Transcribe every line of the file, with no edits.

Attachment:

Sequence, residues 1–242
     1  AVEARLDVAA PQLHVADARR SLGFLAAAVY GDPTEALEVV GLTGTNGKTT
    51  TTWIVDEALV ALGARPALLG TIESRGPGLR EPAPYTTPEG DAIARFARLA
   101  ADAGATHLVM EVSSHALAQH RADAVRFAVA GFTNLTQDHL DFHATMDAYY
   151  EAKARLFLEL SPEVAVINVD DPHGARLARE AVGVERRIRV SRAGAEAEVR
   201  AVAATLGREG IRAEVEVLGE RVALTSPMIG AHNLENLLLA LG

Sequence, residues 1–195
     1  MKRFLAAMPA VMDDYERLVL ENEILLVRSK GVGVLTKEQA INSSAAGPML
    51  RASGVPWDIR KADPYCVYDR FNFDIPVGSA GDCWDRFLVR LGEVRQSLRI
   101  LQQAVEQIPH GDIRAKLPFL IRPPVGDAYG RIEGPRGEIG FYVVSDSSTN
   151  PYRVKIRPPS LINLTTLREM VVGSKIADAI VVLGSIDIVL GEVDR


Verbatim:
Sequence, residues 1–242
     1  AVEARLDVAA PQLHVADARR SLGFLAAAVY GDPTEALEVV GLTGTNGKTT
    51  TTWIVDEALV ALGARPALLG TIESRGPGLR EPAPYTTPEG DAIARFARLA
   101  ADAGATHLVM EVSSHALAQH RADAVRFAVA GFTNLTQDHL DFHATMDAYY
   151  EAKARLFLEL SPEVAVINVD DPHGARLARE AVGVERRIRV SRAGAEAEVR
   201  AVAATLGREG IRAEVEVLGE RVALTSPMIG AHNLENLLLA LG

Sequence, residues 1–195
     1  MKRFLAAMPA VMDDYERLVL ENEILLVRSK GVGVLTKEQA INSSAAGPML
    51  RASGVPWDIR KADPYCVYDR FNFDIPVGSA GDCWDRFLVR LGEVRQSLRI
   101  LQQAVEQIPH GDIRAKLPFL IRPPVGDAYG RIEGPRGEIG FYVVSDSSTN
   151  PYRVKIRPPS LINLTTLREM VVGSKIADAI VVLGSIDIVL GEVDR